Ecology of Marine Turtles under Climate Change
Stokes, Kimberley Laura
Thesis or dissertation
University of Exeter
Reason for embargo
Ongoing publication of individual chapters
Climate change threatens to disrupt biological systems around the globe, sparking debate over natural capacity for adaptation in a fragmented landscape. Marine turtles are evolutionarily ancient and have survived millions of years of prehistoric climate change, but are threatened by the rapidity of modern warming and a history of severe overexploitation that has left most populations depleted. This thesis explores a nesting aggregation of the green turtle (Chelonia mydas) in northern Cyprus, where a longitudinal programme of both intensive and extensive monitoring enables insight into individual and population level parameters and processes. Nesting on the two coastlines covered by this project is in the early stages of recovery, possibly in response to exhaustive nest protection efforts over the last twenty years. Saturation tagging at one key site allows us to confirm that recruitment of new breeders is an important driver of this trend, and that average clutch frequency has remained stable around three nests per female per year, validating nest-count derived abundance estimates at a regional scale. Concern has been raised, however, regarding recent changes in fishing practices which are impacting the local juvenile neritic phase, which may have a lagged effect on the recovery of this nesting population. A collaborative tracking effort including all other countries with major nesting in the Mediterranean allows us to identify major foraging grounds for this species, with two hotspots accounting for >50% of tracked individuals, as well as coastal and pelagic seasonal corridors of high use. Bycatch levels and mortality rates for turtles in these key areas are largely unknown and should be prioritised for investigation. Hatchling sex ratios from the main study beach are extremely female-biased (estimated 97% female for the twenty year period 1993-2012). A 1oC rise in average incubation temperatures threatens near complete hatchling feminisation on this beach, whilst a 2oC rise could reduce hatch success to less than 50%. Thermal effects on hatchling morphometrics are evident, with a 1oC rise in temperature reducing average length, width and weight by 1%, 2% and 3% respectively. More favourable incubation conditions were found early in the season, in deeper nests laid by larger females, and on beaches of lighter sand. In contrast, adult sex ratios at the main site are male-biased, posing questions regarding sex-specific survival rates and optimal hatchling sex ratios. A phenological shift towards earlier nesting is demonstrated for the first time in this species, and could potentially ameliorate warming effects. Carry-over climate forcing effects from the foraging ground influence the breeding frequency of individuals, driving population level responses in annual magnitude of nesting. This work emphasises the utility and necessity of long-term individual-based monitoring programmes in elucidating population trends and climate responses in iteroparous species with non-annual breeding.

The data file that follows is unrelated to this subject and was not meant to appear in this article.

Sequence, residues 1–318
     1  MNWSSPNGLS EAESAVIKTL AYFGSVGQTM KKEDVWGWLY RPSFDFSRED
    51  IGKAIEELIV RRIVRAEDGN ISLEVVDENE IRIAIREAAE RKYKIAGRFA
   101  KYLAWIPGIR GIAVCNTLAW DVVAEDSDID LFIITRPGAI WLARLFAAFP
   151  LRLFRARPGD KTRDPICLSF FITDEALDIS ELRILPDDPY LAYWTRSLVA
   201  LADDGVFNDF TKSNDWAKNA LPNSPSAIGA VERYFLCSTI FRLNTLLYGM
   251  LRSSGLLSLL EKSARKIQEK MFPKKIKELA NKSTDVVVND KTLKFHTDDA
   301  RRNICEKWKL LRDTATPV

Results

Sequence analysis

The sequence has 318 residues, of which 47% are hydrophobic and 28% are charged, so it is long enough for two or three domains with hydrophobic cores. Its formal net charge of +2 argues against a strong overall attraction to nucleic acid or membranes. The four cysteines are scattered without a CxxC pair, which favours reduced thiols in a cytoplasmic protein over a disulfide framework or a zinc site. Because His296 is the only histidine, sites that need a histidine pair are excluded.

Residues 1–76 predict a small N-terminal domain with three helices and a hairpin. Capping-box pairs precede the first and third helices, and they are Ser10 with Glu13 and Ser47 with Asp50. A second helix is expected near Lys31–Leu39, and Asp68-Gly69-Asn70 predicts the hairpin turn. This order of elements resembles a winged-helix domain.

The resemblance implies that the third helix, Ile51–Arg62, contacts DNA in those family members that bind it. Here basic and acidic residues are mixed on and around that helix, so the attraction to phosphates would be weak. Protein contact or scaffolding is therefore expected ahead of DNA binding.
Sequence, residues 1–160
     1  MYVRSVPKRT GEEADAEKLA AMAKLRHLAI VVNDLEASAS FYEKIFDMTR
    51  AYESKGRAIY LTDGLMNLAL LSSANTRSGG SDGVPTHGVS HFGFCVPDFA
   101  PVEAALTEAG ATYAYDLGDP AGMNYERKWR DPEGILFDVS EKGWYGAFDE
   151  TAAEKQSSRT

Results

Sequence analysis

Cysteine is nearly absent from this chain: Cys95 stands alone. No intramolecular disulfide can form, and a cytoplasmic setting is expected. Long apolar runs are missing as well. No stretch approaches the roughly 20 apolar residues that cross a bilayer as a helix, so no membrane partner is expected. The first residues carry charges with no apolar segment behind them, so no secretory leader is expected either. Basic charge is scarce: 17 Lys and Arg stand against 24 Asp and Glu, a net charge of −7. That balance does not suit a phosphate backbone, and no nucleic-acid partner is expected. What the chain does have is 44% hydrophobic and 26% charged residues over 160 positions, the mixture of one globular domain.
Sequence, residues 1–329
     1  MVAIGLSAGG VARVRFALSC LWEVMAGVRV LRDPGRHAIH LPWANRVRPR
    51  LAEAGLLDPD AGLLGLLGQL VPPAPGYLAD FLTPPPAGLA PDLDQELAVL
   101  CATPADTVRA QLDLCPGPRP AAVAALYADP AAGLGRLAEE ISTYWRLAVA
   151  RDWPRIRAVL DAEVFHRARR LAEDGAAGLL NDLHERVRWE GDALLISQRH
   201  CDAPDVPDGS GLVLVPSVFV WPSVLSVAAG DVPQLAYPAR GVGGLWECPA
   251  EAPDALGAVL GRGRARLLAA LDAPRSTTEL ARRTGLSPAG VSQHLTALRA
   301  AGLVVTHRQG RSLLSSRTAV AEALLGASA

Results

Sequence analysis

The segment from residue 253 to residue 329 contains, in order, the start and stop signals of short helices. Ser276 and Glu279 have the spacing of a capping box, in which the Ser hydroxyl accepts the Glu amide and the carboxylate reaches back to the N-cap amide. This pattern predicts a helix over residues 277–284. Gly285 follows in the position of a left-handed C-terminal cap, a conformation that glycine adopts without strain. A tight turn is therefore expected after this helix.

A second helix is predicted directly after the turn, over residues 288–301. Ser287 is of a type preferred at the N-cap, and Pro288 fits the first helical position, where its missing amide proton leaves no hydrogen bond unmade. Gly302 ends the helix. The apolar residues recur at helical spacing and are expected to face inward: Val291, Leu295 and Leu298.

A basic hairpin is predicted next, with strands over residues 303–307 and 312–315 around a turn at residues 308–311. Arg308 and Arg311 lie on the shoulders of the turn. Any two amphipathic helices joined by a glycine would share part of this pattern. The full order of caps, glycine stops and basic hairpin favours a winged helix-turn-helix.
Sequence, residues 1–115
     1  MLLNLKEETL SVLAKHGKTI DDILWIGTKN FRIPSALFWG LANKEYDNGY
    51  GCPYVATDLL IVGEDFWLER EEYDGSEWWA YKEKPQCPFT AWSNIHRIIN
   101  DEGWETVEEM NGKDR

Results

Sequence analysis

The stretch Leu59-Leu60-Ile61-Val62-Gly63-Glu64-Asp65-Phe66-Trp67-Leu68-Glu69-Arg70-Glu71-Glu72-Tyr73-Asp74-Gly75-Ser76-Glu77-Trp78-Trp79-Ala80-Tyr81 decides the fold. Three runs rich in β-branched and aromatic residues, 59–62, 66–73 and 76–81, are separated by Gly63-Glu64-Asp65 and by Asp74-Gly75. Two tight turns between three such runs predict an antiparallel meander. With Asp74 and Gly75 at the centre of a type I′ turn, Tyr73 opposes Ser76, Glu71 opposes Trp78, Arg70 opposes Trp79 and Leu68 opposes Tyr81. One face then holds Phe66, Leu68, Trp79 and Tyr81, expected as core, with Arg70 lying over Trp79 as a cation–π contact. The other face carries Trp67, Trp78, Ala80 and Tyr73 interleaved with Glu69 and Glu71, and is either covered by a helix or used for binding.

European Social Fund
Stokes K.L., Fuller W.J., Godley B.J., Glen F., Hodgson D., Snape R.T., & Broderick A.C. (2014) Detecting green shoots of recovery: the importance of long-term individual based monitoring of marine turtles. Animal Conservation, 17 (6): 593-602. DOI:10.1111/acv.12128.
Stokes K.L., Broderick A.C., Canbolat A.F., Candan O., Fuller W.J., Glen F., Levy Y., Rees A.F., Rilov G., Snape R.T., Stott I., Tchernov D., & Godley B.J. (2015) Migratory corridors and foraging hotspots: critical habitats identified for Mediterranean green turtles. Diversity and Distributions, 21 (6): 665-674.
PhD in Biological Sciences